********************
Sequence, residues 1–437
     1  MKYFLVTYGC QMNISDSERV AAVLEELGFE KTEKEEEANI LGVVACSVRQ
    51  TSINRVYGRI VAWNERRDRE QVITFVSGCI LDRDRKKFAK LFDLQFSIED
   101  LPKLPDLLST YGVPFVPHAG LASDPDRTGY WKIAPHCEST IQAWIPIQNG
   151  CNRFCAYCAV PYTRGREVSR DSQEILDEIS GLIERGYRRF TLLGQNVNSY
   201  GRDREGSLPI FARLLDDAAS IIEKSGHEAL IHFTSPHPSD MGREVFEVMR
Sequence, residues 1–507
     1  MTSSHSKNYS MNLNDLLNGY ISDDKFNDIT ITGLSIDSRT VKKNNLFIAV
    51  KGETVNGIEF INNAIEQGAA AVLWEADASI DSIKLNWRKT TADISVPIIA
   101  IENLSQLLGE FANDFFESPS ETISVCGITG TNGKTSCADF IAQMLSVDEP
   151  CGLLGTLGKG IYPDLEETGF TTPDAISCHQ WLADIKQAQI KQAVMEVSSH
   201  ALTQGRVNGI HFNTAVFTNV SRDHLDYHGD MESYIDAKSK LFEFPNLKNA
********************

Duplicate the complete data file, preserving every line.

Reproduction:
Sequence, residues 1–437
     1  MKYFLVTYGC QMNISDSERV AAVLEELGFE KTEKEEEANI LGVVACSVRQ
    51  TSINRVYGRI VAWNERRDRE QVITFVSGCI LDRDRKKFAK LFDLQFSIED
   101  LPKLPDLLST YGVPFVPHAG LASDPDRTGY WKIAPHCEST IQAWIPIQNG
   151  CNRFCAYCAV PYTRGREVSR DSQEILDEIS GLIERGYRRF TLLGQNVNSY
   201  GRDREGSLPI FARLLDDAAS IIEKSGHEAL IHFTSPHPSD MGREVFEVMR
Sequence, residues 1–507
     1  MTSSHSKNYS MNLNDLLNGY ISDDKFNDIT ITGLSIDSRT VKKNNLFIAV
    51  KGETVNGIEF INNAIEQGAA AVLWEADASI DSIKLNWRKT TADISVPIIA
   101  IENLSQLLGE FANDFFESPS ETISVCGITG TNGKTSCADF IAQMLSVDEP
   151  CGLLGTLGKG IYPDLEETGF TTPDAISCHQ WLADIKQAQI KQAVMEVSSH
   201  ALTQGRVNGI HFNTAVFTNV SRDHLDYHGD MESYIDAKSK LFEFPNLKNA